The human, social and economic consequences
Epidemics of disease are like famines, wars and natural catastrophes in one major respect: they invariably bring further disasters in their wake. Globally, HIV/AIDS epidemics are already having a disastrous domino effect. Millions of children are orphaned, communities are destroyed, health services are overwhelmed, entire countries face hunger and economic ruin.
The disease affects the poor most severely: they are the most vulnerable to infection, and the poorest families are hardest hit by the suffering, illness and death caused by the disease. The effects include devastating financial hardships that lead in turn to further tragic consequences. The disease forces poor families deeper into poverty, and it also condemns households that were relatively wealthy to a similar fate.
Large-scale negative changes to patterns of economic and social behaviour are likely to result from the epidemic’s impact on population structure and adult life expectancy (26). Beyond the loss of income and the diversion of income to health expenditures, families resort to various “coping” strategies with negative long-term effects, including migration (27), child labour, sale of assets and spending of savings. Families suffering from the illness or death of one or more of their members experience both the direct costs of medical and funeral expenditures and the indirect costs of the impact of the illness on productivity (28, 29).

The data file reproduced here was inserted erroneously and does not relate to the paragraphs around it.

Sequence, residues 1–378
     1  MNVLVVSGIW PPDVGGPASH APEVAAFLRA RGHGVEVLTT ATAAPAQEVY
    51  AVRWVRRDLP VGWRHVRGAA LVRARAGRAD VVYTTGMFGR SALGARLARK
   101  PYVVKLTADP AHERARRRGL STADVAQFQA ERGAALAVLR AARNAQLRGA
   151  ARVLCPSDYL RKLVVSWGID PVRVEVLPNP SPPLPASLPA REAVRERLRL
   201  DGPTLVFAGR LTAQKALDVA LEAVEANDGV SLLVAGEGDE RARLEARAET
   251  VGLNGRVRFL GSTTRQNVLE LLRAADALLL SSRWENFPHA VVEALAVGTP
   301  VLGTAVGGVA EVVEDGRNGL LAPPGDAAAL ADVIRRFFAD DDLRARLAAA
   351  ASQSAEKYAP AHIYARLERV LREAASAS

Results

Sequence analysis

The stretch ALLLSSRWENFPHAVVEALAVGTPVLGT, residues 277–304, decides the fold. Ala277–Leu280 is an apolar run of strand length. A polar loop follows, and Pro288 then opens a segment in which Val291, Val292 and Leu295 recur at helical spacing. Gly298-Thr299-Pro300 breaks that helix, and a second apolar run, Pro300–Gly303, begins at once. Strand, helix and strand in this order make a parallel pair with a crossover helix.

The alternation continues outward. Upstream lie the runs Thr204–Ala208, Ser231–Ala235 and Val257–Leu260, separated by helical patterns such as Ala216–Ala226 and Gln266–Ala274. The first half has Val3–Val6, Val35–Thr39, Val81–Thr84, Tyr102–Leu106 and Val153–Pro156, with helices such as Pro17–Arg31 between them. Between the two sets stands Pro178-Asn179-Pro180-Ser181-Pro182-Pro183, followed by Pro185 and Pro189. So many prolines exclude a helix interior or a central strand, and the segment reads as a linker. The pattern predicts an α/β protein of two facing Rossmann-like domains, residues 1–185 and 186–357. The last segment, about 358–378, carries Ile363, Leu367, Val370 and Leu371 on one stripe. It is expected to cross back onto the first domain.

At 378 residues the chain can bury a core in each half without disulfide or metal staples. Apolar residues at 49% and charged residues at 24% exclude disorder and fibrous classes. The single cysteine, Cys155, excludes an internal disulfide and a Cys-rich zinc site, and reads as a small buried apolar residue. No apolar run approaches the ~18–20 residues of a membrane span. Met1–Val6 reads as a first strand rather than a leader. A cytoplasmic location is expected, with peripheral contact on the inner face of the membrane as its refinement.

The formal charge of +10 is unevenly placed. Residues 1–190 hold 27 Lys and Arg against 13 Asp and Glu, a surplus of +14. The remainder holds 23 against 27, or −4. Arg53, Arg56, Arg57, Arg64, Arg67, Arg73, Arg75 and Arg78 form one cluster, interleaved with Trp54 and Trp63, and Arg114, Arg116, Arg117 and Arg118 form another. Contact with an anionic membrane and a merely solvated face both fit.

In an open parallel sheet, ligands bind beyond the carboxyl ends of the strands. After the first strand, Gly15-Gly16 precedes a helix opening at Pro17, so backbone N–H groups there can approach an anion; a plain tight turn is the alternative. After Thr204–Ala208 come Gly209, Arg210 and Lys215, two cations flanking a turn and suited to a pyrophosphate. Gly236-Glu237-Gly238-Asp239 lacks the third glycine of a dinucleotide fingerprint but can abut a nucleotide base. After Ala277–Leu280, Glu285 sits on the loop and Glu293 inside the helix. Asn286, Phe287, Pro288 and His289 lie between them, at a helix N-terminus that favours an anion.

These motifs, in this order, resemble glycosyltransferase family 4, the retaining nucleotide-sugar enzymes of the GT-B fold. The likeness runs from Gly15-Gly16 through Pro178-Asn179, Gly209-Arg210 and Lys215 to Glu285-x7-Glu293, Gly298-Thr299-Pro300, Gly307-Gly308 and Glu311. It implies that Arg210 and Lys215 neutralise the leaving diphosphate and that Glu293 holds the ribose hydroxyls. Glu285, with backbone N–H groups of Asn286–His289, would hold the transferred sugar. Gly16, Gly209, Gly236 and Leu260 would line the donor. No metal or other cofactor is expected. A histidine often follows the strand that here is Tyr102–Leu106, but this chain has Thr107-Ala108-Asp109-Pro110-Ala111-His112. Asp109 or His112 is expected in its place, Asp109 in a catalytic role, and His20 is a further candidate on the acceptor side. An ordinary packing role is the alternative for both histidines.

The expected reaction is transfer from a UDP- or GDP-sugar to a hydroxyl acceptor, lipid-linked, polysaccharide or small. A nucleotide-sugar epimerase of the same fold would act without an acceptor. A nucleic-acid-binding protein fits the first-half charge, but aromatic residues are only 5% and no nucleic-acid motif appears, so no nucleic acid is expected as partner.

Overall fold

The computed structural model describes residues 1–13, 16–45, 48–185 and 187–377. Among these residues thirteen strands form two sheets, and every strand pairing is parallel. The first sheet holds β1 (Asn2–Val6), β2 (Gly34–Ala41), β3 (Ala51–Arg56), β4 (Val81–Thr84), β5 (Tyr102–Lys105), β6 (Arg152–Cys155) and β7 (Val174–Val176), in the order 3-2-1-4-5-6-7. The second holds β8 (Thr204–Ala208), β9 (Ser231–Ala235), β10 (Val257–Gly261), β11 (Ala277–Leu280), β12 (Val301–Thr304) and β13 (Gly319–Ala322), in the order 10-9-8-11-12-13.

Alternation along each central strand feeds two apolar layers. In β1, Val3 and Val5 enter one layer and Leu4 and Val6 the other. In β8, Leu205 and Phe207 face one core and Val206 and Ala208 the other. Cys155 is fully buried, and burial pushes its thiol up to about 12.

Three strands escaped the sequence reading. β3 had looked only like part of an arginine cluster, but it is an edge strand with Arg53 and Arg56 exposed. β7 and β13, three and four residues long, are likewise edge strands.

HIV/AIDS is changing the very structure of populations. There are increased dependency ratios in many African countries, for example, with smaller numbers of working-age adults on whom both children and elderly relatives depend; a situation that is becoming more severe.
The psychological effects on young people of seeing their immediate elders dying in huge numbers at such young ages, and consequent fears for their own future, are immense and will have profound effects on economic development. Moreover, as parents (most of them young adults) die prematurely, they fail to hand on assets and skills to their children. In this way, HIV/AIDS weakens the process through which human capital – people’s experience, skill and knowledge – is accumulated and transmitted across generations (30).
The crisis of children having lost either or both parents to HIV/AIDS has been afflicting Africa for a decade, and will get worse. Today there are about 14 million such children in the world of whom the vast majority are in Africa, but the projected total number will nearly double to 25 million by 2010 (31, 32), a nation of children equal to the total population of Iraq. At that point, anywhere from 15% to 25% of the children in a dozen sub-Saharan countries will be orphans. Even in countries where HIV prevalence has stabilized or fallen, such as Uganda, the numbers of orphans will continue to rise as parents already infected continue to die from the disease. When orphans were relatively few, they could be cared for by extended families, but the numbers are now too great and many children end up living on the street.
Women: unequally at risk